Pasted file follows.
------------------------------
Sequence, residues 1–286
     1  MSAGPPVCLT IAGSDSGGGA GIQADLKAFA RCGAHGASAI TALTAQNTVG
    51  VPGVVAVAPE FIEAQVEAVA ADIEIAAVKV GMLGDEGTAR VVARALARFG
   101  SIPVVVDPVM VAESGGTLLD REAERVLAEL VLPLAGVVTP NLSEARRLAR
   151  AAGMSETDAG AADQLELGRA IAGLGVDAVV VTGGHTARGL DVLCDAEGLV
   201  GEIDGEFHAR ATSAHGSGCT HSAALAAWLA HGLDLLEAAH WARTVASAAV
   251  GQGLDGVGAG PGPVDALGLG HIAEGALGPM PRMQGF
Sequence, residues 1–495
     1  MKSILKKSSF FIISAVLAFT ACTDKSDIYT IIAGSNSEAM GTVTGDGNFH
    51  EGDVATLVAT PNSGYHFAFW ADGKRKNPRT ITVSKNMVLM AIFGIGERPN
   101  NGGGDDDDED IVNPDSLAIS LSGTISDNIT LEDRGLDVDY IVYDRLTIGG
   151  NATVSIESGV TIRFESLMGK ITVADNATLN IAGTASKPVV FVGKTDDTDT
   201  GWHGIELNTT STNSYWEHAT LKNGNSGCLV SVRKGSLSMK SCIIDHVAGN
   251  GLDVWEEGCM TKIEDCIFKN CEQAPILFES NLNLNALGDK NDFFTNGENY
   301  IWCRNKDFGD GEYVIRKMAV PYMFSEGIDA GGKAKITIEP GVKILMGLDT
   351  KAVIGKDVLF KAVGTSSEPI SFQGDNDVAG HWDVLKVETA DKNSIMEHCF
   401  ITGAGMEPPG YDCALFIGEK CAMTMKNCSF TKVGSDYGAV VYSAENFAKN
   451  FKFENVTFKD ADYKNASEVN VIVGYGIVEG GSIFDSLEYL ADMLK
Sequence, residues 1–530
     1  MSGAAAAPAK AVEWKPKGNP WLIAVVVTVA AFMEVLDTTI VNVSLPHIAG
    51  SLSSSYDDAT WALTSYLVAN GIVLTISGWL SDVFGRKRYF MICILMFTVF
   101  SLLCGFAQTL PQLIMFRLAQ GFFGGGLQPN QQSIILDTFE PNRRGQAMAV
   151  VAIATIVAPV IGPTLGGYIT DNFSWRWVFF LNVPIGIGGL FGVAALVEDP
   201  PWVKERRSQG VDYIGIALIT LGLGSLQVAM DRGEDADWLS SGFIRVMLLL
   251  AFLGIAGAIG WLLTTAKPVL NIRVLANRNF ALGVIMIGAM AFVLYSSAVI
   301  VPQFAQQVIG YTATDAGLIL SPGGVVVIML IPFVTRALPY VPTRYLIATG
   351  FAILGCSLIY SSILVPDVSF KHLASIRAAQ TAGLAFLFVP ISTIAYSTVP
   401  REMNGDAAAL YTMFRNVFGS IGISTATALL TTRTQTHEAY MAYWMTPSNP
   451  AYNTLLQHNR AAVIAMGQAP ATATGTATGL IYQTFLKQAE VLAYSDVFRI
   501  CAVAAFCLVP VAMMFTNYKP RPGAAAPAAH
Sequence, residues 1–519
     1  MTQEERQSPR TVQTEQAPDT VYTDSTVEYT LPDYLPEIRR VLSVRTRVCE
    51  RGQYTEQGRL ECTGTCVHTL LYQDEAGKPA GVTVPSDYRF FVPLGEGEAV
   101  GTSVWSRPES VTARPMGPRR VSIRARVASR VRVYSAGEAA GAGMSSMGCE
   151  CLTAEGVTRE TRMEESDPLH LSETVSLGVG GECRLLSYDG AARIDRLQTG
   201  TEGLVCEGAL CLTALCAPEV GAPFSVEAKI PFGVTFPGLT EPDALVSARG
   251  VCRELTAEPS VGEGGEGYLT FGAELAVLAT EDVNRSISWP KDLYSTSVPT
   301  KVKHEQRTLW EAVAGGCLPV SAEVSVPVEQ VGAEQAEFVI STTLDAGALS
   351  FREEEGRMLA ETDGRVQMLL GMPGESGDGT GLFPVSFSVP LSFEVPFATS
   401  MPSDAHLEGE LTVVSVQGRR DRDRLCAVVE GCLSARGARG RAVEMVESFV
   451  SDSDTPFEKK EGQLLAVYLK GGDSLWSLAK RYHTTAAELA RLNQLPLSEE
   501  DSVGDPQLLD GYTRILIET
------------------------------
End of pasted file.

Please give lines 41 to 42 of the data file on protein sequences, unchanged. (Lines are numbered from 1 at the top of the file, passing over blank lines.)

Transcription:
   451  SDSDTPFEKK EGQLLAVYLK GGDSLWSLAK RYHTTAAELA RLNQLPLSEE
   501  DSVGDPQLLD GYTRILIET